• Keep your hive in balance with the colony strength. Wax moths prefer dark, calm spaces. If a beehive is too large for the colony, the bees will not be present in every area. Therefore, make sure that to not put too much frames in the hive or put to many supers on the hive. When all frames are covered (80-90%) with bees and the colony is likely to grow (they have honey stored and there are enough food sources around the hive) you could expand your colonies.

  • Check the hive for openings. This might sound obvious but wax moth often enter a hive through small cracks or spaces between supers. It couldn’t hurt to check the hive box once in a while for openings.

  • Before you give a colony new frames or combs, check for moths (eggs, larvae or cocoons). Moth infestations can often start in comb storages, for example in a garage where you might have stored hives boxes with fully built frames or with wax foundations.


If wax moths do become a problem one has to move over to cure. Again, if you spot just a single wax moth, there is no need for panic. The bees are more than capable to deal with low amounts of moths themselves. These are actions you can do against wax moths:

  • Freezing. Wax moths do not survive freezing temperatures at any life stage. Especially in colder areas the problem of wax moths can be solved by itself in winter. However, also in colder areas wax moths could survive inside a beehive as inside the beehive it will not freeze. Storing frames or hive boxes outside and let them freeze is also a good method of preventing wax moths preying on your stored combs, otherwise you could place them in the freezer. Studies show that the colder, the quicker the wax moths die[4]:

    • ≤ 0°C, 24 hours

    • -7°C 4.5 hours

    • -12°C 3 hours

    • – 15°C, 2 hours

  • Burning. When a comb or frame is infested with wax moth, burning all the material will ensure that no new wax moths can emerge. It might sound a bit drastic but burning can save lots of problems with wax moths in the future.

  • Biological. Bacillus Thuringiensis is a bacteria, which is not harmful for bees or humans, but can kill wax worms. The bacteria produce spores which contain a toxin, when wax worms feed on the spore this toxin is released. To good thing of this solution is that it does not leave behind any residues in the honey[5]. Some studies however note that it does not kill all the wax moths[6]. This method can also be combined with freezing. In this way all moths are killed by the freezing process and if any other wax moth would come after the freezing treatment, they would probably die because of the bacteria.

  • Chemical. There are also various chemicals methods to control wax moths. However, these are the most drastic methods and should only be used as a last resort. Further it has to be noted that, in Switzerland, only formic acid and acetic acid are allowed to use. The effects of both formic and acetic acid are believed to be comparable. The vapour of these substances kills wax moths at any life stage, however wax moth pupae in cocoons are a little more protected, which means they need to be exposed a bit longer. Usage of such chemicals can usually be avoided and should be used as a last resort. In case you have to use it, don’t do it before shortly before you plan to harvest your honey as there is a risk of honey contamination [7]. In the past other chemicals have been used such as Paradichlorobenzene and Sulphur. However, in Switzerland the use of these substances is prohibited as studies have found that honey was contaminated by this and also residues build up in the wax [5].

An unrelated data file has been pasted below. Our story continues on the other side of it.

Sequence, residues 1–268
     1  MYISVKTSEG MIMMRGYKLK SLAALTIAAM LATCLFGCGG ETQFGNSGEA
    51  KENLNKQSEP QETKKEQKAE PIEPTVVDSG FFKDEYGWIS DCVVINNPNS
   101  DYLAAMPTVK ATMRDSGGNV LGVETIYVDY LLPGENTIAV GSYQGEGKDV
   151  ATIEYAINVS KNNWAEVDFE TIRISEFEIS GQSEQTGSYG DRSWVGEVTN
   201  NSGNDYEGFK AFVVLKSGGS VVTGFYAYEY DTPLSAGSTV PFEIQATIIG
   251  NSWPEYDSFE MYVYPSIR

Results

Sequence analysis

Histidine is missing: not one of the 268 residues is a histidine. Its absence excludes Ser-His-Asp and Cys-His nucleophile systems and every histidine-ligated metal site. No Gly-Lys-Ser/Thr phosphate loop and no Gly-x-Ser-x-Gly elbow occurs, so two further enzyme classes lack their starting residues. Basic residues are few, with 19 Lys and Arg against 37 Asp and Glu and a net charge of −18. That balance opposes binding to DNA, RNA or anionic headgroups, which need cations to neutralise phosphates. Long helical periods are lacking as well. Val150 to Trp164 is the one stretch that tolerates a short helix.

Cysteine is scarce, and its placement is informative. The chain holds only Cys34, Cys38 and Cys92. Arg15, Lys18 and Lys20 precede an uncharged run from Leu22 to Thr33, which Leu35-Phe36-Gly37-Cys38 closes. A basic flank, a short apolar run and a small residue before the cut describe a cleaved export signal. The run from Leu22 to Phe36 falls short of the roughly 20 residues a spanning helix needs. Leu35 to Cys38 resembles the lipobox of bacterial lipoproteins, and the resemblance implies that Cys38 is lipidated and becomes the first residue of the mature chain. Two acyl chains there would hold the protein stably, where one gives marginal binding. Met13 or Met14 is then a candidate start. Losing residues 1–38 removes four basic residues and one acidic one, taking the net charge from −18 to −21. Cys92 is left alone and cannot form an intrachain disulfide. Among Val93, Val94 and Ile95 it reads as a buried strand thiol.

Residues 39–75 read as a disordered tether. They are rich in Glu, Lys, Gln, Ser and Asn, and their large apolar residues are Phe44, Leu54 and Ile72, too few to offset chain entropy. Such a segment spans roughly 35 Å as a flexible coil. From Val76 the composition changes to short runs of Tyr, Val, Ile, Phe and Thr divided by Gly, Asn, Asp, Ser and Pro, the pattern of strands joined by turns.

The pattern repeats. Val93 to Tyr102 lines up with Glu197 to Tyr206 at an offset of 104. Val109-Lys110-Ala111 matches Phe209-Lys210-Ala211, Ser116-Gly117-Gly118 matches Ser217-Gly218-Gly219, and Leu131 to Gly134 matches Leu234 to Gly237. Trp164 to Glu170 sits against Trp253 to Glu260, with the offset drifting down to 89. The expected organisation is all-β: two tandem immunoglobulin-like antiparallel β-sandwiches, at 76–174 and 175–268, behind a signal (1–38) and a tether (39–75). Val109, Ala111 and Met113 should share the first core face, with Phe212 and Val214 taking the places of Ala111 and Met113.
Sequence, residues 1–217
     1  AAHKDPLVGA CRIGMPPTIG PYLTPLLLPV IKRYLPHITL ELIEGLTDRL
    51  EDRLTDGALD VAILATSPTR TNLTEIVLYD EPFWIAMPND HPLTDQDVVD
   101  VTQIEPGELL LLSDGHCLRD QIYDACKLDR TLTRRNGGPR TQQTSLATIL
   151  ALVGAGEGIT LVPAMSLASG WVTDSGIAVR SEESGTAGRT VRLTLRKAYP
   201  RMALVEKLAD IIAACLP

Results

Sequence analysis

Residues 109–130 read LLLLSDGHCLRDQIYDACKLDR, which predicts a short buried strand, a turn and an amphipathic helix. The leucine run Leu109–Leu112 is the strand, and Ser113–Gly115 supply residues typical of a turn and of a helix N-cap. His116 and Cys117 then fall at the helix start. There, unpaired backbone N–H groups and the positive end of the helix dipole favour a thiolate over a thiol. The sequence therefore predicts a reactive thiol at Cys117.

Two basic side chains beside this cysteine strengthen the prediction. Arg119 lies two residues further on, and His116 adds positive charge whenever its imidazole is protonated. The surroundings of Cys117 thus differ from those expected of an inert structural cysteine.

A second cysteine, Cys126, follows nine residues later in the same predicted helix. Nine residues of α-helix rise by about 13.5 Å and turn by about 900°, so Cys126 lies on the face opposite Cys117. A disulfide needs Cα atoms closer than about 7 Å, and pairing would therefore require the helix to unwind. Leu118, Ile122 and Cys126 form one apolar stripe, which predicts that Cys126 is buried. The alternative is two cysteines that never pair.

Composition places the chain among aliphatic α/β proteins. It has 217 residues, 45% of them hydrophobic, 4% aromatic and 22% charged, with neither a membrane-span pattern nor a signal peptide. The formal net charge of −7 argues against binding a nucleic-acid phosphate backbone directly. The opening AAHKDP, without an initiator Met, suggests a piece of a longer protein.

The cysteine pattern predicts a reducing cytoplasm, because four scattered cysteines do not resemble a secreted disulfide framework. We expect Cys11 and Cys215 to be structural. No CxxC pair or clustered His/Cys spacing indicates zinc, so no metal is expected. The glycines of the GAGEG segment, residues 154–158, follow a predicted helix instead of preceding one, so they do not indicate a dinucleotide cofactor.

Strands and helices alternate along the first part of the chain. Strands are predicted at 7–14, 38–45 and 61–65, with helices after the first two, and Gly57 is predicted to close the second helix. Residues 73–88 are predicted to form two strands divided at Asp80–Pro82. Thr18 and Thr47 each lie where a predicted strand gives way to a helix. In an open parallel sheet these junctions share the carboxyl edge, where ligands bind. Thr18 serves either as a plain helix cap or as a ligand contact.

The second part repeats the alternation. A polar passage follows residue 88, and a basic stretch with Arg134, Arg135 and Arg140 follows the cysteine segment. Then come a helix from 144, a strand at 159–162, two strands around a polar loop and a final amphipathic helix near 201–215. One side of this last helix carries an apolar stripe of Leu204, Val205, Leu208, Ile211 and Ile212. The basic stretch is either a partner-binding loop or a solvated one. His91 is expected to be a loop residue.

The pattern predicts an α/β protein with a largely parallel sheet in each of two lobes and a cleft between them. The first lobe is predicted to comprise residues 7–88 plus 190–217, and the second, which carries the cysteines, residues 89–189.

Wax moths as garbage collectors

Sometimes, wax moths can also have some beneficial effects. For example, by eating everything in their way, they can also help in getting rid of disease infested combs. In New Zealand, where the wax moth arrived as an exotic species, it was believed that they cause a reduction in cases of American Foulbrood [3]. Despite they are a considered a pest in beekeeping, their ability to almost eat everything in their way makes them one of nature’s interesting waste processers. The bacteria present in their digestive tracts might hold valuable insights in how we could process our own waste.


[1] Ellis, J. D., Graham, J. R., & Mortensen, A. (2013). Standard methods for wax moth research. Journal of Apicultural Research, 52(1), 1-17.

[2] Ball, P. (April 25, 2015). Plastic-eating bugs? It’s a great story – but there’s a sting in the tail. The Guardian. https://www.theguardian.com/commentisfree/2017/apr/25/plastic-eating-bugs-wax-moth-caterpillars-bee

[3] National Bee Unit. (2019) Wax Moth. Animal & Plant Health Agency.

[4] Charrière, J. D. & Imdorf, J. (1999) Protection of honey combs from wax moth damage. American Bee Journal 139(8): 627-630.

[5] Charrière, J. D. & Imdorf, J. (2004) Schutz der Waben vor Mottenschäden. Schweizerisches Zentrum für Bienenforschung, Forschungsanstalt für Milchwirtschaft.

[6] Ellis, A. M., & Hayes, G. W. (2009). Assessing the efficacy of a product containing Bacillus thuringiensis applied to honey bee (Hymenoptera: Apidae) foundation as a control for Galleria mellonella (Lepidoptera: Pyralidae). Journal of Entomological Science, 44(2), 158-163.

[7] Droz, B. & Charrière, J. D. (2015) Nach Wachsmottenbehandlung Ameisensäurerückstände im Honig. Schweizerische Bienen-Zeitung, 08/2015 p. 14-16.

Vatorex, Felix Poelsma
28 October, 2019